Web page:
UN Security Council Condemns Attack on Moroccan MINUSCA Peacekeepers
The UN Security Council issued a statement strongly denouncing the attack perpetrated by a rebel group against a convoy of the United Nations Multidimensional Integrated Stabilization Mission in the Central African Republic (MINUSCA) which resulted in four Cambodian peacekeepers killed, 10 wounded, including nine Moroccans and one Cambodian. One Moroccan peacekeeper is reported missing in action.
“The members of the Security Council condemned in the strongest terms the attack on a Multidimensional Integrated Stabilization Mission in the Central African Republic (MINUSCA) convoy near Bangassou (Mbomou) on 8 May 2017 by alleged anti-Balaka elements,” President of the UN Security Council Uruguayan Elbio Rosselli said in the statement.
“The members of the Security Council expressed their deepest condolences and sympathy to the families of the victims, and their deepest sympathy to the families of the peacekeepers injured and the peacekeeper missing, as well as to the Kingdom of Cambodia, the Kingdom of Morocco, and to MINUSCA. They wished the injured a speedy recovery,” the statement said.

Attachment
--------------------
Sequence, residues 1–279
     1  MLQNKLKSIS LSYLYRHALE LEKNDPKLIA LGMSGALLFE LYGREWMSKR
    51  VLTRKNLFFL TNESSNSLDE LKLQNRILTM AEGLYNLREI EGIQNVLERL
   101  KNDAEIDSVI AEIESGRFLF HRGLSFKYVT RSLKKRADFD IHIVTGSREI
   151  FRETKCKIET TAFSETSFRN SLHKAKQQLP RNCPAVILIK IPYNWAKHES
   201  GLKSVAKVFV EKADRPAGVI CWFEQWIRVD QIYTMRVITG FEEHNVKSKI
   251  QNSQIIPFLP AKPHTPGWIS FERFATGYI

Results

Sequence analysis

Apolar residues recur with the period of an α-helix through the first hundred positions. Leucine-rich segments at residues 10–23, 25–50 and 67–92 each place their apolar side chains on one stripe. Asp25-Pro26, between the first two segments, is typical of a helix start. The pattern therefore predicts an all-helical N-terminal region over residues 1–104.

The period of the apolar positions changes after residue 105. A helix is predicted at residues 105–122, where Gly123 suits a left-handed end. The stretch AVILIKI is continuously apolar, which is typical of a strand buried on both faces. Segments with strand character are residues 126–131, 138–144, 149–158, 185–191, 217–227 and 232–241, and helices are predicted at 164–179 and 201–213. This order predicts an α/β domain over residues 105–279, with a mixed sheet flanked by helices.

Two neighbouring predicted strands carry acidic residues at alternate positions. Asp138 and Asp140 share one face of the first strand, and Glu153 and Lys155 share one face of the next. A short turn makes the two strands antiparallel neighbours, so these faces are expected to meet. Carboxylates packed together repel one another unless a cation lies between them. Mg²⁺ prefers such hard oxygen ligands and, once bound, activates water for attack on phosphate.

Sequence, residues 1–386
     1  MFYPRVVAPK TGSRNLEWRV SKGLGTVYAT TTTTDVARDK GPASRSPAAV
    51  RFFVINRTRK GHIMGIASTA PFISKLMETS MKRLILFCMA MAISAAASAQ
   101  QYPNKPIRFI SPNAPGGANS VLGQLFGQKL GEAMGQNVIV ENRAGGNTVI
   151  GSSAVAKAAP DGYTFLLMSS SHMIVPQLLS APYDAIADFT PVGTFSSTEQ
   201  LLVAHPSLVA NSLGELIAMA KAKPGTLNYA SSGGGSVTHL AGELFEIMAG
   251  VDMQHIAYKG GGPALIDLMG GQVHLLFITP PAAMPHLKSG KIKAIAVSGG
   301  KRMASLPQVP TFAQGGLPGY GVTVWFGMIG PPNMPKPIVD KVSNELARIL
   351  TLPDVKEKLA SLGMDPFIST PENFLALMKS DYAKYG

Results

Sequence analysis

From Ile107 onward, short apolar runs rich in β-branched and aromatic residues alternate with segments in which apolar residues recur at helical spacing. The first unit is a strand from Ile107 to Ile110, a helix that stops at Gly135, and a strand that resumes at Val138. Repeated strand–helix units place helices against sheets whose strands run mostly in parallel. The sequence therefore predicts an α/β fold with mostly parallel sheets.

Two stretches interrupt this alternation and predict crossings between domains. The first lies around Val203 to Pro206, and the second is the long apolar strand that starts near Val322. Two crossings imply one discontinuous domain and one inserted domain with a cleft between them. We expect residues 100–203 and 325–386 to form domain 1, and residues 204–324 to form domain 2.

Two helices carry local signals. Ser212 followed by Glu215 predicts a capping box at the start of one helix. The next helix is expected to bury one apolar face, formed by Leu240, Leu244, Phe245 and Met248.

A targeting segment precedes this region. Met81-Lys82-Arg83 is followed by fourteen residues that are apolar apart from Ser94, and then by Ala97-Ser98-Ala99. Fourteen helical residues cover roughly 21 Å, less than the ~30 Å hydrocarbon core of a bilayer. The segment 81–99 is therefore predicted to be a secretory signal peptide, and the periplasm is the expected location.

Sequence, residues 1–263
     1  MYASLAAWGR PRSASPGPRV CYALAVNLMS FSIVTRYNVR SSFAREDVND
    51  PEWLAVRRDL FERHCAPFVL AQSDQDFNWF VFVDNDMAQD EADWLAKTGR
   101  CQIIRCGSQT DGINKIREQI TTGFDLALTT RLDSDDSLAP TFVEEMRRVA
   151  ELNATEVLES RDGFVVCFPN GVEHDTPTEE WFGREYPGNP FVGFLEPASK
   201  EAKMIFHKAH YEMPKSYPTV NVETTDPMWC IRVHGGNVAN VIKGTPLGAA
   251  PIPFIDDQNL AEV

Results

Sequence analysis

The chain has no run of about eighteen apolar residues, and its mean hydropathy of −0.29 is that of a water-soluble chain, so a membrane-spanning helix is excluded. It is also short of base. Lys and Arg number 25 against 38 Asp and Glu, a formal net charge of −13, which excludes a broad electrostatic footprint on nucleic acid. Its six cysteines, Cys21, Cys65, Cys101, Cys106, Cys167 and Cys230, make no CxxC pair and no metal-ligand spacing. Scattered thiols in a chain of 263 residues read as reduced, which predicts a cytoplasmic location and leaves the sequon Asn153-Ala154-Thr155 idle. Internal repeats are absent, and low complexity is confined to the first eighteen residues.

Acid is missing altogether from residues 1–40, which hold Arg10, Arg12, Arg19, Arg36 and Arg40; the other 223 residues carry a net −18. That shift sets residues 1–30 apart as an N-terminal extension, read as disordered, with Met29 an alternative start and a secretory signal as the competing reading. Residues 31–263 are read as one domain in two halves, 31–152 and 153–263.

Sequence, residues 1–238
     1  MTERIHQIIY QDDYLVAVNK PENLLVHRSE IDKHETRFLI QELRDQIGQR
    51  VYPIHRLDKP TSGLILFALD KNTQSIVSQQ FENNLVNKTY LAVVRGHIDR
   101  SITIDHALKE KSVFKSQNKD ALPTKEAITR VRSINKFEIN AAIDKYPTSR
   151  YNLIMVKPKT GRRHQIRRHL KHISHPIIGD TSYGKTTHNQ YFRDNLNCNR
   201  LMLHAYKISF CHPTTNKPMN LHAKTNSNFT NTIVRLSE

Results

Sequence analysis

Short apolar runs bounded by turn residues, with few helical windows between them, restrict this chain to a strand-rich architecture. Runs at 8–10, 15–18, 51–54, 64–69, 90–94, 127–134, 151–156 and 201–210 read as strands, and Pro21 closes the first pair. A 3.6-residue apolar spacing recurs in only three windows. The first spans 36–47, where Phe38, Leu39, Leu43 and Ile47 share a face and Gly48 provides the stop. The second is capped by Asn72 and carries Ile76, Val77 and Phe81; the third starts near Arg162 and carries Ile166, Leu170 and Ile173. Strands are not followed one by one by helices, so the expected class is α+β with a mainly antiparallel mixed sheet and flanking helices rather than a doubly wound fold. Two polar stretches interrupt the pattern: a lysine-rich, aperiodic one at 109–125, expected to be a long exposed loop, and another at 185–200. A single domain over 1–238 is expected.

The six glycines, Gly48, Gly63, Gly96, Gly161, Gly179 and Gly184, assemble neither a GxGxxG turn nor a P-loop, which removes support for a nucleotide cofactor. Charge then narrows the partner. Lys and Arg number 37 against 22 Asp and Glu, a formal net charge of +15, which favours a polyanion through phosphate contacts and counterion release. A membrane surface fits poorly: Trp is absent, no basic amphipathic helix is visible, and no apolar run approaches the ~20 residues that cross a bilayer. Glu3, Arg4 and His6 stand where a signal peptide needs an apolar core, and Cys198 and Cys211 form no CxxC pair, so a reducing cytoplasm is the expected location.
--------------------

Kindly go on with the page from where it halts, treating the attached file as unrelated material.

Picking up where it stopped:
The Security Council urged authorities of the Central African Republic to bring the perpetrators of this attack before justice, saying that such raids on peacekeepers amount to “war crimes.”
A Moroccan peacekeeper remains missing since the ambush laid by the anti-Balaka rebel group. A firefight sparked between the MINUSCA convoy and the rebel group causing the death of eight fighters from the Anti-Balaka rebel group.
Following the attack on the MINUSCA convoy, UN Secretary General Antonio Guterres offered his deepest condolences to the bereaved families and the Governments of Morocco and Cambodia and wished a swift recovery to the wounded.
The President of the UN General Assembly Peter Thomson arrived in CAR “to show solidarity” with the MINUSCA peacekeepers.
Clashes between the mainly Muslim Séléka rebel coalition and anti-Balaka militia, which are mostly Christian, plunged the country of 4.5 million people into civil conflict in 2013.